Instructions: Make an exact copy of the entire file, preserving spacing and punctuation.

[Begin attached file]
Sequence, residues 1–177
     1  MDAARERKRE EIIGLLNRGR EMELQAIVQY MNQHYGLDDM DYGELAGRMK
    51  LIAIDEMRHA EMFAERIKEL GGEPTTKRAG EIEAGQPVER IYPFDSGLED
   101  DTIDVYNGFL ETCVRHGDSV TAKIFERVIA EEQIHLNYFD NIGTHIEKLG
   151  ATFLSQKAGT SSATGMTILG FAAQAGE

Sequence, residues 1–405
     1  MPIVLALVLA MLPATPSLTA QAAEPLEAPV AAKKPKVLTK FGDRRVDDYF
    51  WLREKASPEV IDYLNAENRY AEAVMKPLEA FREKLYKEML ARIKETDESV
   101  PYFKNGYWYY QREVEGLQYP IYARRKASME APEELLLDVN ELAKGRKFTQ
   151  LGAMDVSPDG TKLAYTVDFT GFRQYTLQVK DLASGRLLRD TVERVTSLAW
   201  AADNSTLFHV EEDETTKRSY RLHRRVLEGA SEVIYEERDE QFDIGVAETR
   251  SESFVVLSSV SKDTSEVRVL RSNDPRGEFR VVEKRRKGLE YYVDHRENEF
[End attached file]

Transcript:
Sequence, residues 1–177
     1  MDAARERKRE EIIGLLNRGR EMELQAIVQY MNQHYGLDDM DYGELAGRMK
    51  LIAIDEMRHA EMFAERIKEL GGEPTTKRAG EIEAGQPVER IYPFDSGLED
   101  DTIDVYNGFL ETCVRHGDSV TAKIFERVIA EEQIHLNYFD NIGTHIEKLG
   151  ATFLSQKAGT SSATGMTILG FAAQAGE

Sequence, residues 1–405
     1  MPIVLALVLA MLPATPSLTA QAAEPLEAPV AAKKPKVLTK FGDRRVDDYF
    51  WLREKASPEV IDYLNAENRY AEAVMKPLEA FREKLYKEML ARIKETDESV
   101  PYFKNGYWYY QREVEGLQYP IYARRKASME APEELLLDVN ELAKGRKFTQ
   151  LGAMDVSPDG TKLAYTVDFT GFRQYTLQVK DLASGRLLRD TVERVTSLAW
   201  AADNSTLFHV EEDETTKRSY RLHRRVLEGA SEVIYEERDE QFDIGVAETR
   251  SESFVVLSSV SKDTSEVRVL RSNDPRGEFR VVEKRRKGLE YYVDHRENEF